13 April 2018, By Mater Lotteries

How prevalent, and deadly, is ovarian cancer in Australia?

4 min read

How prevalent, and deadly, is ovarian cancer in Australia?

In Australia each year, around 1500 women will be diagnosed with ovarian cancer and more than 1000 of these women will eventually die from the disease.

If you, or someone you know, have been touched by ovarian cancer in your family, then you will know that a lot of what we know about this disease is a mystery.

There are often no obvious signs of ovarian cancer, and a woman’s symptoms can be vague and hard to detect—as a result, many cases are diagnosed only at an advanced stage when their cancer has spread from their ovaries into other parts of their body.

At Mater, we believe that no woman should have to fear being taken away from her loved ones by ovarian cancer. That’s why we have made a long-term commitment to all women living with ovarian cancer to invest heavily in research, research that will make significant headway in improving their quality of life.

What are Mater researchers are working on right now?

Right now at Mater Research—our world-class research institute—we have several researchers specialising in ovarian cancer and there is a growing investment in this space.

Our research teams are unique in that they are able to translate their research findings from ‘bench to bedside’ as quickly as possible—from their research labs to the patient’s bedside within Mater’s hospital network; directly benefiting patients at Mater, across Australia and around the world.

We know that ovarian cancer is diagnosed often too late, due to its hidden symptoms.

But what if women, once diagnosed, could be offered a personalised treatment plan, tailored to their own genetic predisposition? One that would allow them to treat their ovarian cancer as a manageable disease, with medication and lifestyle programs to prevent tumour recurrence?

Professor John Hooper and his team of researchers are working towards this goal. His work is identifying which drugs will inhibit cancer growth, or even cause it to regress, by comparing the genetic samples of patient tumours with a genetic analysis of their blood.

“Through this research we’re hoping that we can better identify the drug, or drugs, that inhibit or prevent genetic changes from fuelling future cancer growth in each individual patient, giving her more tailored outcomes to treatment,” he said.

Imagine a world where ovarian cancer is a manageable disease

If successful, this research at Mater could turn ovarian cancer into a manageable disease, with individually tailored treatment plans based on genetic analysis of each patient.

And for ovarian cancer survivor, Katherine Brown, she knows that cancer does not discriminate.

“Ovarian cancer doesn’t discriminate against age and there is still no early detection test such as a pap smear.” Katherine, diagnosed with ovarian cancer at just 22.

How Katherine found out she had ovarian cancer

At 22 years old, Katherine Brown had the world at her feet; she had moved out of home and started her dream job as a teacher working in a small country town.

Then she was diagnosed with ovarian cancer.

“It took me a while to work out I had cancer; I was feeling unwell for a few months but ignored it because I thought it was fatigue. I was a young person just starting out in life,” Katherine said.

“I had put on a lot of weight and was always tired and I wondered if that was normal.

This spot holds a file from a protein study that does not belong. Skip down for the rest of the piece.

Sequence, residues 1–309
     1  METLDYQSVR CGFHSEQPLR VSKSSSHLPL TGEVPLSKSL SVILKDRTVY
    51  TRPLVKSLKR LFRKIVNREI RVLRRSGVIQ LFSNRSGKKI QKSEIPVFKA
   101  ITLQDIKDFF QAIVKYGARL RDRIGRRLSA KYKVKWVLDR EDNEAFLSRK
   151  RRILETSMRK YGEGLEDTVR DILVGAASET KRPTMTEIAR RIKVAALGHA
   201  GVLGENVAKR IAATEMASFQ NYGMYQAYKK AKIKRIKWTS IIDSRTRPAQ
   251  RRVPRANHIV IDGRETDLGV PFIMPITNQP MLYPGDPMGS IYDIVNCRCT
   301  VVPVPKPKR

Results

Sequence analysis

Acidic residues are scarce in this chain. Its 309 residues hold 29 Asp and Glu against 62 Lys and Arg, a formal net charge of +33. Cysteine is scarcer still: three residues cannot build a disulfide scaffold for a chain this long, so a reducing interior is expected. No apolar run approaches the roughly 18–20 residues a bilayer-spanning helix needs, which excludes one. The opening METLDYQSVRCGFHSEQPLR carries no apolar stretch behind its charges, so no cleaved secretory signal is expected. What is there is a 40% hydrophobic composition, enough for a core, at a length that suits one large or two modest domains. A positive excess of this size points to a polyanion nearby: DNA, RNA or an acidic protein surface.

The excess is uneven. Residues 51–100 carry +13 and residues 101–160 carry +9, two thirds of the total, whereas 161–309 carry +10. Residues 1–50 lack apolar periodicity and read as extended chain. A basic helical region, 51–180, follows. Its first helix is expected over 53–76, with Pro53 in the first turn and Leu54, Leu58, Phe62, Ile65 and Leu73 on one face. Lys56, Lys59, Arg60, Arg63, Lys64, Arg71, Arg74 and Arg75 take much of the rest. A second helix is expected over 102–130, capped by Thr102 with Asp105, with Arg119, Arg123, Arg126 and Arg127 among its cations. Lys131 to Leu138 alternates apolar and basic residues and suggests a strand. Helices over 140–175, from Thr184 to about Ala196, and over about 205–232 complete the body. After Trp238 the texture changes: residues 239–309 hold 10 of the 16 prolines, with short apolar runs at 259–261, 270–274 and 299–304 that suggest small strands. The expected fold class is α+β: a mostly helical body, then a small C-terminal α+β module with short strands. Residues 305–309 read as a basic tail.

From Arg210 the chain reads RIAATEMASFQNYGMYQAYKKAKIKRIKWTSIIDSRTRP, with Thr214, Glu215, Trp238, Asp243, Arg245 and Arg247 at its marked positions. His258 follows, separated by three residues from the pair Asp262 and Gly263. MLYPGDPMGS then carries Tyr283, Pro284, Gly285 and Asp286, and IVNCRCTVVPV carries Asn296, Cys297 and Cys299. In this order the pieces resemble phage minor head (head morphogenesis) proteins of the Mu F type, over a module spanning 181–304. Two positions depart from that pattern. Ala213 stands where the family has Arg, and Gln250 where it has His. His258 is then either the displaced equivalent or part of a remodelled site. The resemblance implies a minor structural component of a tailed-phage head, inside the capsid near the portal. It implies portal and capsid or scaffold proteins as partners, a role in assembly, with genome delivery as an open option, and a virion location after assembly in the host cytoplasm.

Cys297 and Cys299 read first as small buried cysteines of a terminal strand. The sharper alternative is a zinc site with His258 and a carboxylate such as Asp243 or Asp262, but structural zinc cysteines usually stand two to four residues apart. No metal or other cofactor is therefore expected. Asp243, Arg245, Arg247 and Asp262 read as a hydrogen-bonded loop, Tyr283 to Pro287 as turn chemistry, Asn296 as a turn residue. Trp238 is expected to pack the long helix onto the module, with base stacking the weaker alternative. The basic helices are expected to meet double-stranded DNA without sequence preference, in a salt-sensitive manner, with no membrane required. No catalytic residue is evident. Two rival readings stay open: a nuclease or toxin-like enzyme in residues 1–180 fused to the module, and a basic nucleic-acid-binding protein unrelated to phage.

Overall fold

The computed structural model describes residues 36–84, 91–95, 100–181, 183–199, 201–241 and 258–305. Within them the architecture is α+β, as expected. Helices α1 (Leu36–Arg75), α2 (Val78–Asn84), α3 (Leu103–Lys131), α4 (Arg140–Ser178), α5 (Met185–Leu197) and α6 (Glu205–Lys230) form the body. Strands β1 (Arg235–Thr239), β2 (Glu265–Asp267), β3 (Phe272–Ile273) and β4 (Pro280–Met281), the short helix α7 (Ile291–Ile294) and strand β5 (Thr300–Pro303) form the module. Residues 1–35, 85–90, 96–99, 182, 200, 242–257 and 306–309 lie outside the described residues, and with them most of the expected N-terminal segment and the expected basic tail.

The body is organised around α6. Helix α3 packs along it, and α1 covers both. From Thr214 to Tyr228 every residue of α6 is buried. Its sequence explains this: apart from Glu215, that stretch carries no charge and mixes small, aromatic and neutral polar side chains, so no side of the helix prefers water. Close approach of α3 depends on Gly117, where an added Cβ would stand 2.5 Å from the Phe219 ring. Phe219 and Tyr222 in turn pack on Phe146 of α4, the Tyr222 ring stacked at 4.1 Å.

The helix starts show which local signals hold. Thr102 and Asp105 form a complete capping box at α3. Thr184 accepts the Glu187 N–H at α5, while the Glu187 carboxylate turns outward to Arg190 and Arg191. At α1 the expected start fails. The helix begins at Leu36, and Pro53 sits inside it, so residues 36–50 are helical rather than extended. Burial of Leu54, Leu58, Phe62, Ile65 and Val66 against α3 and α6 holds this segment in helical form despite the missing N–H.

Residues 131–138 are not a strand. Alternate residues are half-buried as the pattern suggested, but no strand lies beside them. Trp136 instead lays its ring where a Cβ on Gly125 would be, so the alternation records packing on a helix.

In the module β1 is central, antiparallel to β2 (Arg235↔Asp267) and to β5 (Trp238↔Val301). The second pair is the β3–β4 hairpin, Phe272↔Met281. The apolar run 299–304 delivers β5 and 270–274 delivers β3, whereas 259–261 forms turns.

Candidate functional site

“After a while, my tummy grew to be huge; it was so big and I couldn’t eat anything, but constantly felt full. I finally went to a local GP and was told I probably had the flu.”

However, after visiting a local hospital in North Queensland with breathing difficulties, Katherine was flown to Mater Hospital Brisbane for further testing—and there, she was diagnosed with a tumour on her ovary.

“I thought ovarian cancer was something that young people would never get. I wondered ‘why me?’.”

“My family were in disbelief. All my friends and I thought the vaccination for cervical cancer covered ovarian cancer. It doesn’t.”

Surgery revealed a 20 cm tumour and more than four litres of fluid and surgeons had to remove Katherine’s right ovary. She then underwent three months of intensive chemotherapy.

“I had four cycles of treatment and each treatment was made up of chemo every day for one week, then one day a week for two weeks,” she said.

“I wasn’t able to work for seven months and I missed teaching and my old life.”

But her recovery wasn’t over yet—it took another operation before Katherine was clear of her cancer cells.

“The treatment was difficult and made me feel quite sick. If there was a better, more personalised treatment that was more effective in treating my cancer, I would have jumped at it,” she said.

While she considers herself very lucky, sadly for women like Katherine the prognosis for ovarian cancer has not improved in recent times, and too many women are still dying every day.

At Mater, we see improving the treatment of ovarian cancer as vital, because while most patients respond well to surgery and chemotherapy, their cancer can often return and there is no proven method of prevention.

That’s why continued, significant investment is research is needed. Research that will help save more Australians lives.

“We all know someone who has been touched by cancer and ovarian cancer often flies under the radar so I think it’s great to have research that will improve treatment options as well as help work towards an early detection test for women,” Katherine said.

To show your support for ovarian cancer research at Mater purchase your tickets in the Mater Prize Home lottery today.
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Professor Hooper is a Mater Foundation Fellow, so this promising project is funded via the support of generous donations. Mater Foundation is actively seeking ongoing support for this area.